Page last updated at 06:10 GMT, Monday, 23 February 2009

Fostering a new life for Sue

By Caroline Parkinson
Health reporter, BBC News

Sue likes living in her family home, but feels it's time to move on and get her own place.

Sue and Nan
Sue is enjoying being part of a family

But she isn't a teenager on the verge of moving away from mum and dad.

Sue Hewish, who is 40, has a learning disability and depression which has made it hard for her to live on her own.

For the last three years, Sue has been "fostered" by carers Nan and Chris Watson, who she is not related to, and lived with them in their home in Folkestone, Kent.

When she had her own place, she became very ill and started self-harming. Winter nights were particularly hard.

I wanted to be loved and cared for because I wasn't loved when I was a child
Sue Hewish

Living in a hostel, where fellow residents had some very serious problems also failed to give her the support she needed.

Adult fostering, or "shared lives" schemes operate across the UK to give people in similar positions to Sue more support than they would have if they lived alone, and more freedom than they would have in supervised accommodation.

For Sue, living in a family home has offered her the chance to start again.

"I got a job when I left home at 17, but I had to give that up because of my depression.

"I lived in a hostel, which I didn't like. There were always people fighting, and the staff weren't there after 8pm.

"Then I lived on my own in a flat for three years. But I had lots of problems. I self-harmed, I'd rub my face on the carpet."

"Living here has changed my life. I work as a volunteer four days a week and go away with friends."

Belgian beginnings

Nan and Chris give her practical assistance, such as cooking her meals and helping her manage her money, but Sue says it is the emotional support she gets that has made the difference.

"I wanted to be loved and cared for, because I wasn't loved when I was a child.

"I can talk to Nan and Chris. I couldn't talk to my mum and dad when I was with them.

Sue now does a lot of volunteer work

"In the winter, I get a bit down. But now when I get a bit low, I can go and talk to Nan and Chris.

"It's not like counselling, where I might have to talk about my past. I can just talk about how I feel now."

But she's now almost ready to go: "I hope that I can move on to a place on my own."

Nan, who used to work in a residential home, said: "I had about 10 elderly people to care for. I had to get them up, give them breakfast and make their beds.

"I felt I shouldn't be rushing them, and should be giving them more time - as I have been able to do with Sue."


The concept of adult placements dates back to the Middle Ages, when the Belgian town of Gheel became known for families taking people with mental health problems into their homes.

Dr Peter Schofield, of the Institute of Psychiatry, said: "This is often cited as the first example of care in the community, predating other forms of mental health residential care.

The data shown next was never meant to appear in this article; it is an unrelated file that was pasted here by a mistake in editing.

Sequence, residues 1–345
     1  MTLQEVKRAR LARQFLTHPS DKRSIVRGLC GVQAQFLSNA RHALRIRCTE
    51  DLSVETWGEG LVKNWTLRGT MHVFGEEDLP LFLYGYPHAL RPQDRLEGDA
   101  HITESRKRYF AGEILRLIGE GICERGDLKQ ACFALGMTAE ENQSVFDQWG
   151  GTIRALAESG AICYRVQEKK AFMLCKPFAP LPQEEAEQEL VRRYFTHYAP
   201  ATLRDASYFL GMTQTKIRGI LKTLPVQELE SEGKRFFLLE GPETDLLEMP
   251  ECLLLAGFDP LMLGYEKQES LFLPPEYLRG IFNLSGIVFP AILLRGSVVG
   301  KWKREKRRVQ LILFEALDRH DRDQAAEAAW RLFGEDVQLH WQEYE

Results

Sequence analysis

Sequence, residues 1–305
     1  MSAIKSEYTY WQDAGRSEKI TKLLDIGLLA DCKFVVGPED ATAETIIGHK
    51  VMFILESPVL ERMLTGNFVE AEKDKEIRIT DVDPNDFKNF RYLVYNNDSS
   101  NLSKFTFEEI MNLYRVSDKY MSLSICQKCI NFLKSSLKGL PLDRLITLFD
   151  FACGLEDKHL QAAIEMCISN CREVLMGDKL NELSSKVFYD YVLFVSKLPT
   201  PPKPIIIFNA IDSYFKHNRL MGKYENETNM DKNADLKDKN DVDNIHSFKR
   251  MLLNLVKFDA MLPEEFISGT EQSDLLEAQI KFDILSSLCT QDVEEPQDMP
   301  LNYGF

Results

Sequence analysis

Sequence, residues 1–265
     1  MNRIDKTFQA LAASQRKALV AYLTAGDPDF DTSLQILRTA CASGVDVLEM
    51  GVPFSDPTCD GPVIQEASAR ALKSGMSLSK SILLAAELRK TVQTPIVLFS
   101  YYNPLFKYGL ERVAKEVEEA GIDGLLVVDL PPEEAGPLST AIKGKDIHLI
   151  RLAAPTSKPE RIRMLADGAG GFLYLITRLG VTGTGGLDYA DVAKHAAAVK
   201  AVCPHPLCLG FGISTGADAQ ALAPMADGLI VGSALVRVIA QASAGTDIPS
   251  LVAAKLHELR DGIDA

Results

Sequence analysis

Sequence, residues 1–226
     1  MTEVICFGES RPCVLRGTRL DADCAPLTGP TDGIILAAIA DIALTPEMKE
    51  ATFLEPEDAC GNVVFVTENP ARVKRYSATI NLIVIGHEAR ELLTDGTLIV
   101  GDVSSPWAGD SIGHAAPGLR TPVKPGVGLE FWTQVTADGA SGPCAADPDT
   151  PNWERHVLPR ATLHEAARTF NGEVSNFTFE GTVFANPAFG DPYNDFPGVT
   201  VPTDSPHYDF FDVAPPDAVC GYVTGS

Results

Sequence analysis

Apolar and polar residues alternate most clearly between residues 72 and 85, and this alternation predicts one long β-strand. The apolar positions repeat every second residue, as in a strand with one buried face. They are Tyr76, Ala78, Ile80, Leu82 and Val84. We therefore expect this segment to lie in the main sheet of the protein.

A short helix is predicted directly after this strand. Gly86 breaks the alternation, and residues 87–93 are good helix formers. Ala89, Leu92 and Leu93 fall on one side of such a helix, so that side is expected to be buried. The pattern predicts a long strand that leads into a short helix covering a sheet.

"The very visible success of the Gheel scheme lead to this being a much discussed alternative to institutional care in the 19th Century at the same time as most of the large asylums we are now familiar with were being established.

"While adult placements currently play a very minor role in UK mental health service provision, they have been used extensively in the past - for example playing a major role in mental health care in Scotland and Germany up to WWII."

He added: "Now that the era of large psychiatric institutions is over, perhaps it is time for a return to this kind of small scale local support for people with mental health problems."

At the moment, there are an estimated 8,500 carers across the UK who have people living with them under the auspices of 160 Shared Living schemes.

One limiting factor is commissioners' lack of imagination about what's possible
Sian Lockwood, National Association of Adult Placement Schemes

Sian Lockwood, chief executive of the National Association of Adult Placement Schemes (NAAPS), says that number could grow by four or five times over the next five years.

"As well as long-term accommodation and support, there is the possibility of flexible arrangements, like day-care or - where an elderly person's actual family lives hundreds of miles away - having a local family who can offer support and do things like make sure they've got shopping in.

"But one limiting factor is commissioners' lack of imagination about what's possible."

It is social services teams who oversee adult placement schemes.

Richard Webb of the Association of Directors of Social Services admitted the model "could be expanded".

But he said it could be difficult to recruit people to provide placements, and that each area had to develop services which were appropriate to local needs.

However Sian Lockwood feels more is possible.

"These placements aren't appropriate for everyone, but there is a huge amount of potential."

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